Utter Insanity…Stamps and Pasties

Apologies for not posting much recently. There hasn’t been much to talk about…until now. Something that I was only made aware of today is the rise in stamps by 14p.

Ok, 14p doesn’t sound like a lot, but if you send off post regularly it all starts adding up. First class stamps are now 60p and second class stamps are 50p. Although, I’m sure the first class stamps at the post office near where I live are already 54p…I think. So that is most definately not going to be a 14p difference to get to 60p, unless they add 14p to the already 54p, which would make…hold on…68p!

Holy crud I’m rabbiting on! So my point is that the government are making us pay extra to send letters. And people moan about how technology is taking over our lives. Can you blame someone for wanting to send an email to a friend than pay an ever increasing prize to send a letter through the post? That’s what I thought.

And if the increase in stamp prize wasn’t bad enough there is also a tax on pasties. Yes you read correctly, PASTIES! That’s not good for us Cornish! Our trademark is being targeted! Not that I like pasties…much. They are okay I guess.

I think the government need to sort out their priorities right…or just step down entirely and let people in who know what they are doing and know what’s best for people, not just the rich. Greed is a sin.



Talking Sausages Are Fake

Due to time slipping through my fingers for the upteenth time, I forgot to tell you about a book I finished three days ago. I finished it on my wonderful Kindle, so don’t get excited hardcopy lovers.

I am of course talking about Grimm’s Fairy Tales, the more morbid original versions of the tales that we all grow up with. Sleeping Beauty, for instance, was called Briar Rose and anyone who tried to get through the wall of brambles before the 100 hundred years had past got stuck and died horribly. Red Riding Hood doesn’t seem to have changed much, nor Snow White.

I have heard that the Grimm Brothers’ versions of the tales were really quite morbid and gory, so much so that they had to tone the contents down for the children of my generation and even before that. I don’t think they were nearly as half as bad as people made out. They were extremely weird, yes, I will give you that, but not horrible. Ok, there were a few that were a bit ‘wow what the hell, that’s not right’, but overall they seemed fine. Then again, in recent years I think I have been desensitised to gore and the like through games and other stories. Who knows?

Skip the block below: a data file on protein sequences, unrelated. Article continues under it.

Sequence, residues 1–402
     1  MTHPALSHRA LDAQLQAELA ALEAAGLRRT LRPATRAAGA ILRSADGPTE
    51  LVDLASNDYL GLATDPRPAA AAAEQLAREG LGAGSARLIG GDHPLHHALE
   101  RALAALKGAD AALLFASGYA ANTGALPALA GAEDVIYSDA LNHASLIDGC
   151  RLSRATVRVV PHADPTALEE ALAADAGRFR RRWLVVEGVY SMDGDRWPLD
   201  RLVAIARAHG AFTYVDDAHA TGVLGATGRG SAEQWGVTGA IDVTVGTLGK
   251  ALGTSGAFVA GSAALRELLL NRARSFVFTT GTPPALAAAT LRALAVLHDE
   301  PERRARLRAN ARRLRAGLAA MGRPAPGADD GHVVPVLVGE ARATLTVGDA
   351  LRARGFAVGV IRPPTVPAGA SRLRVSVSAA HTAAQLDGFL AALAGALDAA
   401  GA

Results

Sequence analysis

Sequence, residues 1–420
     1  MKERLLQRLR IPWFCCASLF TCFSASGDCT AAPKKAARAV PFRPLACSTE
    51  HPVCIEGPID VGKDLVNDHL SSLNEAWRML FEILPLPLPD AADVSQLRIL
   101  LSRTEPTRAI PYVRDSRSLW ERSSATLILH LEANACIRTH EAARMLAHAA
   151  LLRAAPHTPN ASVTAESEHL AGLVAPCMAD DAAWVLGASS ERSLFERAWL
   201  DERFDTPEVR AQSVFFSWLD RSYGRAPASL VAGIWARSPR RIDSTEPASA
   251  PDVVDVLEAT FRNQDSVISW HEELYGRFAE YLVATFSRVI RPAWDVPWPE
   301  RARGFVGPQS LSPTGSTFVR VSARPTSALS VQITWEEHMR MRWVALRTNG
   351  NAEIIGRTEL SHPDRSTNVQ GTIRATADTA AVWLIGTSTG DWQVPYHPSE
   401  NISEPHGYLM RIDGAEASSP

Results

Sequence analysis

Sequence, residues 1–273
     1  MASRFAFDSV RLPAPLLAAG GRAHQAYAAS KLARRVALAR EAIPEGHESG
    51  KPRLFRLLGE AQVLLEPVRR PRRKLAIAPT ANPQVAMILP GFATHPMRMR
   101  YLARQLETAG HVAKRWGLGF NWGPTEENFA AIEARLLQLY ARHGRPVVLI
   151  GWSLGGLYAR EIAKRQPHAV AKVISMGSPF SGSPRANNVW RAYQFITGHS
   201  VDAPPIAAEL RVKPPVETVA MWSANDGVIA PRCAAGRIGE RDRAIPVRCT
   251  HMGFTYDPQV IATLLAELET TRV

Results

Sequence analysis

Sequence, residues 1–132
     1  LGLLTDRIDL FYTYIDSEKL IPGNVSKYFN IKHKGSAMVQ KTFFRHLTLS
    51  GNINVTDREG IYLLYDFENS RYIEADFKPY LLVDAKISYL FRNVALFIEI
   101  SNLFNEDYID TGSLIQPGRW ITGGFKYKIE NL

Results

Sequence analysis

I think one of the scarier weird stories in the book had to be the one entitled The Mouse, The Bird and The Sausage, which sees a talking and walking sausage get eaten by a talking dog. Then the bird comes along and here is the quote that made me unsure as to whether I should laugh or cower in fear and the insanity of it:

The bird complained to the dog of this bare-faced robbery, but nothing he said was of any avail, for the dog answered that he found false credentials on the sausage, and that was the reason his life had been forfeited.

So this sausage was a fake. Could he have been a criminal in disguise?

See, now I’m going crazy.

A History of Blood

Just finished The Nosferatu Scroll by James Becker this morning. Not a bad read, if I do say so myself. Very good for the vampire and thriller lovers out there.

This is a story about faith and religion, twisted though it may be, as it’s also a story about, unfortunately, rape and murder. The plot line is good, right up to the end when I thought everything was okay, something else happens, and the end of the book ends on a ‘what if?’ scenario. It’s set in Venice, and really captures the history of the city really well, plus the beauty, but also the dark side of it as well. It also, at times, addresses the corruption of politics. Good combo, overall.

I learnt a lot about vampires from this novel. For instance, did you know that Bram Stoker was not the first person to come up with the idea of vampires in his classic novel Dracula? The idea of the vampire dates back much further than that, to around mediavel times. It was particularly associated with the Black Death, being the supposed cause for the plague. This is also where a lot of the ideas about vampires originated. Garlic, for example, was used in an attempt to help cure the disease. Also the idea of drinking blood dates back even further than that, as it was seen as a means to stay youthful and cure illnesses. It does, as you could guess, get a bit complicated. And technical.

But no, overall the book was a good read. So go and read it before I give away any of the plot line! Now, I will be reading off the Kindle for a while. I’m currently reading Grim’s Fairy Tales which are extremely weird…not going to lie.

Re-Kindled Love and Conversion

So I recently bought myself a Kindle. I can just hear you all now, groaning, grumbling and whining.

I used to hate the idea of reading any other way than by a hardback or paperback book, so it took me a while to decide to see what the device was like. Curiosity is to blame here. But I must say that I have been converted. I LOVE the Kindle. But don’t worry I still love having a good old fashioned book in my hands too.